Predatory journals – you have been warned!

In an age when everything is accessible and open to everyone; in the area of research, too, it is important to pay attention to the entry of “predatory journals” in medical literature. These are academic journals which look totally professional, but there is actually no quality control on the content published in them and they must not to be used

In recent decades, the trend of publishing scientific and medical articles with open access has spread, with the goal of enabling free access to academic sources to anyone with internet, without technical, financial, or legal limitations, with the exception of copyrights for the author of the article.


It would seem that this model has many advantages, including spreading knowledge, increasing the influence of research, and greater exposure to the researcher and the study itself. However, as the number of open access journals has increased, “predatory” journals have also begun to appear – journals which mimic the form, but not the content, of the scientific journal. Thus, alongside the legitimate and professional journals, an entire industry of untrustworthy journals has sprung up, journals which must not be used under any circumstances.


The publishers of these journals persuade researchers to publish articles with them for a relatively low price, with false claims that these articles will be peer reviewed and scientifically edited. There is frequently no real and professional body behind these publishers and they do not have screening or quality control for the content accepted for publication. What actually happens is that the articles printed in the “predatory” journals appear alongside legitimate articles which were published in reliable journals, mainly in free search engines such as Google Scholar, and sometimes also in professional databases. Researchers must be doubly cautious: it is both prohibited to pay and publish in them, and also to quote from them.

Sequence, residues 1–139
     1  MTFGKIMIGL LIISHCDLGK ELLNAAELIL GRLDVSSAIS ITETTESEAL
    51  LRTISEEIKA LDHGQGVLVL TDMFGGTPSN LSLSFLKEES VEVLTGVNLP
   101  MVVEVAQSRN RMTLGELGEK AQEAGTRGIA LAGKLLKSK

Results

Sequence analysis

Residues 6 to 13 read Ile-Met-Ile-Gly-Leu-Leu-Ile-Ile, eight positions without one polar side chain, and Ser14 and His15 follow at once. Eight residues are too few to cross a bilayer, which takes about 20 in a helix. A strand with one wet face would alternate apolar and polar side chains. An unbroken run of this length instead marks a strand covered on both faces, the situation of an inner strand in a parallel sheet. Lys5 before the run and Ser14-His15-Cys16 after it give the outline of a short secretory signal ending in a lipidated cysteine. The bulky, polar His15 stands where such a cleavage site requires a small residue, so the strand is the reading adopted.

It is recommended you get advice before deciding to publish in a new academic journal. Director of the Medical Library at the Hillel Yaffe Medical Center, Ms. Julia Kuperberg


How can we identify predatory journals?

Director of the Medical Library at the Hillel Yaffe Medical Center, Ms. Julia Kuperberg, offers several warning lights which can help identify such journals: 

  • Rapid acceptance of articles for publication, without peer review or quality control. 
  • Informing authors about publishing costs only after the article is accepted for publication. 
  • Intensive recruitment of researchers, to persuade them to publish articles in the journal, or serve as one of its editors. 
  • Mimicking the name or appearance of the website of a well-known journal (Annals of..., American Journal of...) 
  • A journal which displays an Impact Factor, but which is not registered in the JCR which is responsible for managing this index.

To summarize, Kuperberg emphasizes: “You need to remember that the quality of the article is derived from both its content and also from the journal in which it is published. Therefore, the journal affects the exposure which the article will receive and the credibility with which other researchers will view it. Before you decide to publish your article in a particular journal, make sure that it is a serious and well-known one. If it is a new academic journal, check whether it belongs to a publisher which is known, trustworthy, and stable. If you are still unsure, you are invited to get advice from the Medical Library.”

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